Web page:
Experiences of Older Patients with Multiple Chronic Conditions in the Intensive Ambulatory Care Home Telehealth Program

  • Rony Oosterom-CaloEmail author
  • Kyle Vice
  • Michael Breslow
Conference paper
Part of the Communications in Computer and Information Science book series (CCIS, volume 528)


Aim: A study was conducted to explore the experiences of older patients with chronic conditions in a home telehealth program, Philips’ Intensive Ambulatory Care (IAC) at Banner Health in Phoenix AZ, which targets complex chronic patients. Methods: A purposive sampling approach was followed. The number of participants in the sample depended on data saturation. Interviews were conducted at participants’ homes and audio recorded. Interviews were transcribed and the text was analyzed. An inductive approach to the analysis was adopted, whereby explanations and patterns were sought with a bottom-up approach. Specifically, first, codes were identified and created. Then, data (text) was assigned to codes. The emerging themes were captured. Results: Patients (N = 16) named benefits to being in the IAC program, including staying out of the hospital, feeling safe and having an increased peace of mind, practical and emotional support, and usefulness of the services provided within the program (e.g. pharmacological services, social work). Participants described many benefits of the program in comparison to their previous care, including reduced time to get an answer to a medical issue, increased access to doctors, better communication with medical staff, less travel time to receive care and more personal attention. Patients indicated that their experiences in the program change over time. Starting out, they experience confusion relating to new services, technologies and care professionals, which subsides over time. Many participants appreciated the support provided by professionals within the program. Most participants also accepted the technology and could easily use it, although for a minority of participants technology use and attitudes towards technology remain a challenge to adequate program engagement. Conclusion: Patients perceive many benefits to being in an intensive ambulatory home telehealth program and have in general positive experiences with it. Challenges include acclimating to telehealth and, for some patients, technology adoption and use.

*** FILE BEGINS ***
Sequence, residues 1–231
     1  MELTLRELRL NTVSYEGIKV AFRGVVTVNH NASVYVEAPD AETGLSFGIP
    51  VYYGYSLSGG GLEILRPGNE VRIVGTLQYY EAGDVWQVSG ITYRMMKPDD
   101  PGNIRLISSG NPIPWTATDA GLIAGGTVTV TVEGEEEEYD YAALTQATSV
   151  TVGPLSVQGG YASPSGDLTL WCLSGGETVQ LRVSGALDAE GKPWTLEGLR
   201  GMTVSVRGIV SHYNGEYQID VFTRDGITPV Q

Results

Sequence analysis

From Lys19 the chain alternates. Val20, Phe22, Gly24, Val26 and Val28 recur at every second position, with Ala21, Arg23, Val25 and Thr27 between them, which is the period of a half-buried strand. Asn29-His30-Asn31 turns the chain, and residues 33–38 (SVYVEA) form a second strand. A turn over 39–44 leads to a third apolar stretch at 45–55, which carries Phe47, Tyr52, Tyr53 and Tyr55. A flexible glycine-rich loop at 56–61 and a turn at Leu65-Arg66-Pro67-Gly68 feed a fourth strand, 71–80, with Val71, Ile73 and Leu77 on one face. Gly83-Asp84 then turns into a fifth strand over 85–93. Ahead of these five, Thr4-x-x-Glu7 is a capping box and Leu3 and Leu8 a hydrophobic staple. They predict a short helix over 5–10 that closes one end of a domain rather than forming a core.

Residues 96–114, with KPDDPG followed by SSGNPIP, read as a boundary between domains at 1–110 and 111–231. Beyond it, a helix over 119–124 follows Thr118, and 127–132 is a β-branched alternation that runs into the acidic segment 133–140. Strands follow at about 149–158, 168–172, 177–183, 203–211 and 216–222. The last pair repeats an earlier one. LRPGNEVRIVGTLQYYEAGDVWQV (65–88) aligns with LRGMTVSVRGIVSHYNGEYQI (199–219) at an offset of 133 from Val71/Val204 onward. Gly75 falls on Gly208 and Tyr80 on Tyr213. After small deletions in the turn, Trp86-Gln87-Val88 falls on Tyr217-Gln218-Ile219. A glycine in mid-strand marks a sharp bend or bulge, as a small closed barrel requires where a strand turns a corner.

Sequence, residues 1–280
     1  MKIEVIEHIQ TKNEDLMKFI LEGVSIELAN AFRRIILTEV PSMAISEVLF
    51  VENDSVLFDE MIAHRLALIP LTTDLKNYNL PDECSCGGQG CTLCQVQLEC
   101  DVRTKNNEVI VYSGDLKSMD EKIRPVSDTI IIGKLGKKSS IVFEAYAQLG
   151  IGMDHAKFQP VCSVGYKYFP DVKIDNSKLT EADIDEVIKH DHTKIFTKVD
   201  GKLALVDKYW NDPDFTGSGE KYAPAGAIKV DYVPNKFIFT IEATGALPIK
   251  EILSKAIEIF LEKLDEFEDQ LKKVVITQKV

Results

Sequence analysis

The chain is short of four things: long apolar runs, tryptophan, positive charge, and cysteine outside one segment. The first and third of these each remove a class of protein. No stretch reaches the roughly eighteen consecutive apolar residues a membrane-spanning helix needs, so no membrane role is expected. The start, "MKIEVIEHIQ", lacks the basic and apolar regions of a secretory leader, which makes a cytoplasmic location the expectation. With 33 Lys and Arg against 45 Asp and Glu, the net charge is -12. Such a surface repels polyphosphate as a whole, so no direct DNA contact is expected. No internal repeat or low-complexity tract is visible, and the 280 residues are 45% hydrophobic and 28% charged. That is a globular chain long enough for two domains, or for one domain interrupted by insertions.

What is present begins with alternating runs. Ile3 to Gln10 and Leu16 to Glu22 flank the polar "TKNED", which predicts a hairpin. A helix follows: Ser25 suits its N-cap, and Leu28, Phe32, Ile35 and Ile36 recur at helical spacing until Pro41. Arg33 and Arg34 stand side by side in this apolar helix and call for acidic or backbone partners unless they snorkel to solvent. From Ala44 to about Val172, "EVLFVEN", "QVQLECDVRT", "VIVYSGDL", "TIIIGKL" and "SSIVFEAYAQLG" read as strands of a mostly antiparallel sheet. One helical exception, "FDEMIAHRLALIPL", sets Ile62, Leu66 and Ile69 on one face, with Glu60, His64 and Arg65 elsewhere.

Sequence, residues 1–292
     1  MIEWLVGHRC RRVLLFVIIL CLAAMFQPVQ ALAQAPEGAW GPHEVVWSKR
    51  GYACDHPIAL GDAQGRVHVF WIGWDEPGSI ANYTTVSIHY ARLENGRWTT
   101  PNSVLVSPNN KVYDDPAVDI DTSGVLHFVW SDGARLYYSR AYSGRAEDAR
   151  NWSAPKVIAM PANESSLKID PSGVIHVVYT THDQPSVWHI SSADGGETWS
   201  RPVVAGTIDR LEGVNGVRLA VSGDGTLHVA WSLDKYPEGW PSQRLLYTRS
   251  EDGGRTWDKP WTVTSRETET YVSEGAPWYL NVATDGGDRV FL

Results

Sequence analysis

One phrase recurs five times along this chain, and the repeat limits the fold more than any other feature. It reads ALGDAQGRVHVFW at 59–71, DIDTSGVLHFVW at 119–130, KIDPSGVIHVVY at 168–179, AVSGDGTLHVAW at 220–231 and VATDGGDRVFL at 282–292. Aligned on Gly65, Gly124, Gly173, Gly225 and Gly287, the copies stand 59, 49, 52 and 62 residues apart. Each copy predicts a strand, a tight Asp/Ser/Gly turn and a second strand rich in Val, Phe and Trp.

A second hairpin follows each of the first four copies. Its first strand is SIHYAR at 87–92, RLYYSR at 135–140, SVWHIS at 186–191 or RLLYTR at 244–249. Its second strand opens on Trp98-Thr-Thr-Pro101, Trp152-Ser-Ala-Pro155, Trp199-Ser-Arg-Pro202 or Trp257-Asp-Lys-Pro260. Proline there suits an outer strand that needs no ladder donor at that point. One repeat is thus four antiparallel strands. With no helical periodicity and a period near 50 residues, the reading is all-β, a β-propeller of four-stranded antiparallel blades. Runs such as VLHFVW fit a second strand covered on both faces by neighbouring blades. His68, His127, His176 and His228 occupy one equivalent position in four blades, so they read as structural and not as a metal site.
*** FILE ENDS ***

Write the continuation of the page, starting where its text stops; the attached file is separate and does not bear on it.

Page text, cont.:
Telehealth Experiences Acceptance Chronic disease management 


  1. Mitzner, T.L., Boron, J.B., Fausset, C.B., Adams, A.E., Charness, N., Czaja, S.J., Dijkstra, K., Fisk, A.D., Rogers, W.A., Sharit, J.: Older adults talk technology: technology usage and attitudes. Comput. Hum. Behav. 26(6), 1710–1721 (2010)CrossRefGoogle Scholar
  2. Oosterom-Calo, R., Abma, T.A., Visse, M.A., Stut, W., te Velde, S.J., Brug, J.: An interactive-technology health behavior promotion program for heart failure patients: a pilot study of experiences and needs of patients and nurses in the hospital setting. JMIR Res. Protoc. 3(2), e32 (2014)CrossRefGoogle Scholar
  3. Or, C.K., Karsh, B.-T.: A systematic review of patient acceptance of consumer health information technology. J. Am. Med. Inform. Assoc. 16(4), 550–560 (2009)CrossRefGoogle Scholar
  4. Sanders, C., Rogers, A., Bowen, R., Bower, P., Hirani, S., Cartwright, M., Fitzpatrick, R., Knapp, M., Barlow, J., Hendy, J., Chrysanthaki, T., Bardsley, M., Newman, S.P.: Exploring barriers to participation and adoption of telehealth and telecare within the whole system demonstrator trial: a qualitative study. BMC Health Serv. Res. 12(1), 220 (2012)CrossRefGoogle Scholar

Copyright information

© Springer International Publishing Switzerland 2015

Authors and Affiliations

  • Rony Oosterom-Calo
    • 1
    Email author
  • Kyle Vice
    • 2
  • Michael Breslow
    • 3
  1. 1.Philips Research North AmericaBriarcliff ManorUSA
  2. 2.Philips DesignAndoverUSA
  3. 3.Philips HealthTechAndoverUSA

Personalised recommendations